Coming this spring a new barn is being built at Dilmun Hill, Cornell’s student-run organic farm. For over a decade Dilmun Hill has served as an outlet for students, faculty, and Ithaca locals to practice ecological agriculture. Now, with the support of CALS Dean Kathryn J. Boor and with the inspired work of students and faculty, the farm is about to take a great leap forward.

   The Dilmun Hill Barn Project is led by an interdisciplinary team of students from across the departments of architecture, urban planning, design and environmental analysis, engineering, environmental sciences and plant sciences. Together, they are working to build an innovative barn of the future. Through this interdisciplinary lens, the Barn Project group has a vision of a structure that will “implement innovative and ecological design and technology to serve as a model for both small and medium-sized farming operations.”. They are aiming to design a structure that universities across the world will look to as a practical approach to small-scale agricultural infrastructure with an educational purpose.

Student-run farms have a unique opportunity to reach a wide community of people who are actively pursuing or are interested in living a sustainable lifestyle. Specifically, the CSA network run through Dilmun Hill allows participants to pay what they can afford at the start of a growing season, or donate a set number of volunteer hours in exchange for a weekly box of fresh produce. Just as the farm programming facilitates the accessibility of fresh, healthy food, the new barn will allow for an interactive community space that extends experiential education programs to a wider community. A multitude of sustainable clubs are actively working on campus to create change; the interest and care is alive, yet the opportunity to practice the self-sustaining lifestyle hasn’t truly taken off. With the implementation of the new barn, students will not only continue to volunteer, but their opportunity to learn and interact in the outdoor space will also widen. Living a sustainable lifestyle is a practice, but through involvement with the new space the lifestyle shift will begin to ripple through the campus community.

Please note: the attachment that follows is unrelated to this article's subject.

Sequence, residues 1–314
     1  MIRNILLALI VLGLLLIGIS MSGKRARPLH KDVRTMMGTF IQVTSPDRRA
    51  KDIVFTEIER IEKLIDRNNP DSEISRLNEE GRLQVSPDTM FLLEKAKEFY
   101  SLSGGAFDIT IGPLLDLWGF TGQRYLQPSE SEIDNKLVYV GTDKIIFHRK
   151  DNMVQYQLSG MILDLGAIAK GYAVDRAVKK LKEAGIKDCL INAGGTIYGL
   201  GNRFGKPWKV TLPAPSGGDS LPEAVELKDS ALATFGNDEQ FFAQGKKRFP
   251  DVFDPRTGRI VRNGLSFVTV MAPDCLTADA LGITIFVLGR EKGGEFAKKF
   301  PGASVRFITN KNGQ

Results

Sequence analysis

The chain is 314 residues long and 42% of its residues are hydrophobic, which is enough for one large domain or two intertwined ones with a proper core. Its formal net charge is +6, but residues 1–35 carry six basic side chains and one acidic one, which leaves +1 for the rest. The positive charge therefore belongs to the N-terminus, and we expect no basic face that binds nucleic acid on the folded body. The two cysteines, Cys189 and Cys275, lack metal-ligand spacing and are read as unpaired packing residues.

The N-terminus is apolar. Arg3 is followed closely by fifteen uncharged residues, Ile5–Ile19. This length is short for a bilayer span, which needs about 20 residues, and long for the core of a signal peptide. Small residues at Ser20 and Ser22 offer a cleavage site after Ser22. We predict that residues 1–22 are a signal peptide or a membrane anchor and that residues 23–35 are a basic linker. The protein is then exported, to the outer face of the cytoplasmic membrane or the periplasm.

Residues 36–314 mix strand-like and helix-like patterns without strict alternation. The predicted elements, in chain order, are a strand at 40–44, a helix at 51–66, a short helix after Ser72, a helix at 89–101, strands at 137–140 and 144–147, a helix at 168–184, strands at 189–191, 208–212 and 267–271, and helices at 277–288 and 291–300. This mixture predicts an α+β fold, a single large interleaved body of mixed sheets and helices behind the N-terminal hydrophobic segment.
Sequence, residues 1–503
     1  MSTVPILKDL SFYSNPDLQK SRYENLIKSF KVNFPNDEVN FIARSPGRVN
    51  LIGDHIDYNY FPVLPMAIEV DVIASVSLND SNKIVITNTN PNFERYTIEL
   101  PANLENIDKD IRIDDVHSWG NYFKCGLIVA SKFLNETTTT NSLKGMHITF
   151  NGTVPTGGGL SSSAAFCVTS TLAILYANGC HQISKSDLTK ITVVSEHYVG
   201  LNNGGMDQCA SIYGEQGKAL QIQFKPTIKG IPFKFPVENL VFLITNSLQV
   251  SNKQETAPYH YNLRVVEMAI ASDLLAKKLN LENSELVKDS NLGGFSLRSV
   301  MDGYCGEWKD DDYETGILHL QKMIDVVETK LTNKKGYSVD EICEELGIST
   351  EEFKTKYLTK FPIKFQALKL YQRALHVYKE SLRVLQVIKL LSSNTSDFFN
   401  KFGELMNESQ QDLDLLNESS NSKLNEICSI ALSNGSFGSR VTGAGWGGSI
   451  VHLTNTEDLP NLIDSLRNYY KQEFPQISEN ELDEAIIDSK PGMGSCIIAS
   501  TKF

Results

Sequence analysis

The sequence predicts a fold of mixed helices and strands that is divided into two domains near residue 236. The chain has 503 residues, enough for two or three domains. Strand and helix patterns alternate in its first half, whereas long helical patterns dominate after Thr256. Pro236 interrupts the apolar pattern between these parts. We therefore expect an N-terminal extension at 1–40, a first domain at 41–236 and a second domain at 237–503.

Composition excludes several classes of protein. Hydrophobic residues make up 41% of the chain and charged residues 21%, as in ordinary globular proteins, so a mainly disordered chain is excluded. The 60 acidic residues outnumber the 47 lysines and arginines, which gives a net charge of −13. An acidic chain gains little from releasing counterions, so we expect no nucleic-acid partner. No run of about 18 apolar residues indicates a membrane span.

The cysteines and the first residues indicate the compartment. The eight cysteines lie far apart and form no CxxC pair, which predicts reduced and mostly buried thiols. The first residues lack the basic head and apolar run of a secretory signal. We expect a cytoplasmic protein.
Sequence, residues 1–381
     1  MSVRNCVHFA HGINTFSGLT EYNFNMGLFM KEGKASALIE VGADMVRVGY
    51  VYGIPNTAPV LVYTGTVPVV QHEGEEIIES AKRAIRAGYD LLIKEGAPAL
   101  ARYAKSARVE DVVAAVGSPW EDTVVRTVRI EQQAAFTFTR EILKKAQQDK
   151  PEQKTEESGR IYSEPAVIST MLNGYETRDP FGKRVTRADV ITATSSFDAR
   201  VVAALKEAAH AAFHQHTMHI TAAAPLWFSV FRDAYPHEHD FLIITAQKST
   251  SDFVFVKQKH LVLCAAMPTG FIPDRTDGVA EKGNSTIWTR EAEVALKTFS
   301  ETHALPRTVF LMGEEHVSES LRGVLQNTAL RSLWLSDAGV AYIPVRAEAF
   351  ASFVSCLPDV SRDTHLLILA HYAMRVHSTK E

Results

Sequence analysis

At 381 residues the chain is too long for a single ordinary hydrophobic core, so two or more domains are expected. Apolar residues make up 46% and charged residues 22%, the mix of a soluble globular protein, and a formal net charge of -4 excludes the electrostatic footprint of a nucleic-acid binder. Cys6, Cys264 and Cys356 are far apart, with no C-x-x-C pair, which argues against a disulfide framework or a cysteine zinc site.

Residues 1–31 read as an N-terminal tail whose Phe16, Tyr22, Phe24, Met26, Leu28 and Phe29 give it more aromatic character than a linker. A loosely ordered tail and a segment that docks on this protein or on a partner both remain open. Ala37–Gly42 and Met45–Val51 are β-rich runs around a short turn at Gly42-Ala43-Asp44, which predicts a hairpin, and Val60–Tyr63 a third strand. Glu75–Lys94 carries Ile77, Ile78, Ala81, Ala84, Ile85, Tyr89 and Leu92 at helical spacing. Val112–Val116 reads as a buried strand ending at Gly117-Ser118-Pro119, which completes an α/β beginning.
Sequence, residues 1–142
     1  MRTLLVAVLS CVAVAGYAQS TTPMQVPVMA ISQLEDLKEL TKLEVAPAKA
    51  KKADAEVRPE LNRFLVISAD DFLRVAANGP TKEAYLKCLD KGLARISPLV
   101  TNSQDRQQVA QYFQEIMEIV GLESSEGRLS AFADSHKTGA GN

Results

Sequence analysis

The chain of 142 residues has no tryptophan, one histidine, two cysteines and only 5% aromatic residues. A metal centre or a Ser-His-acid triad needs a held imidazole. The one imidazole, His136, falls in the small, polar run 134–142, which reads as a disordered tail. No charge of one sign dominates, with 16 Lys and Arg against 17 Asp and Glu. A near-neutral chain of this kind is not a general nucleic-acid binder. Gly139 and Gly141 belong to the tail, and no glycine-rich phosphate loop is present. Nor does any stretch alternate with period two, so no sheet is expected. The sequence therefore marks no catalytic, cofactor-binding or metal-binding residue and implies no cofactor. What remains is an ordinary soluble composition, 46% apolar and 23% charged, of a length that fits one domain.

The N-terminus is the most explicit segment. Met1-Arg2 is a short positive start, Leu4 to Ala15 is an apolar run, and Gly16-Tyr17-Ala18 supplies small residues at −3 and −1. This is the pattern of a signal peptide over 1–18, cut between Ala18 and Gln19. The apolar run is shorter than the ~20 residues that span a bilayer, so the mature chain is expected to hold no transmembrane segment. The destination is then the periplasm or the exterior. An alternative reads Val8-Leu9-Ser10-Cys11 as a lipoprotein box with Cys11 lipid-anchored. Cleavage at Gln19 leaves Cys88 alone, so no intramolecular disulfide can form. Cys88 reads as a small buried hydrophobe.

Sasson Rafailov


This spring is only the beginning for the barn; in the future, the building will expand, and the team plans to install solar panels, a rainwater collection system and develop the interior in later phases. Collectively, the specific plans are a reflection of the overlying mission to have a net-zero energy yield. Misconceptions about the convenience and economics of living sustainably and harvesting your own fresh food often bars communities from pursuing the ecological lifestyle. From the produce accessibility at Dilmun, to the shifted standard for small-scale sustainable building set by the barn, Dilmun Hill is bringing an ecological living model to the community that can be enjoyed and replicated.


“The Barn Project is a unique, incredibly exciting opportunity,” says project lead, Alena Hutchinson. “It was important to me that the project is accessible to any and all students who feel that they have something to offer to, and something to learn from, the project. I am so happy that we have sparked the interest of students from so many of Cornell’s colleges, and I am excited to see what the future holds for our group.”


Inspiration for this project sparked from the evident demand for change at the farm. Harvesting and packing produce is a labor-intensive process, carried out on at minimum a weekly basis by the farm managers and volunteers. The layout of the new space, and student-led projects, will help ease this burden. Project lead mechanical engineering student Alena Hutchinson is designing a mobile robot to assist in harvest and record keeping. AYAbot is essentially a “smart-cart” with bluetooth smartphone connection that allows it to record produce intake and travel alongside the harvester. Farming labor demands are not unique to Dilmun, Hutchinson is solving a problem for small-scale farmers all over.

Why should you care about this project? Because you too can get involved! Attend the Barn Project kick-off exhibition on November 17th at 5:00 pm in Mann Library. From there, look out for announcements about ways you can get involved, whether it be joining the team or volunteering during the build. Every phase of the project is intended to be a community experience, learning through process and connecting over visions for the future in farming and sustainability.


If you are looking to get involved or have a question about the project contact Alena Hutchinson at: For more information about the Barn Project , check out: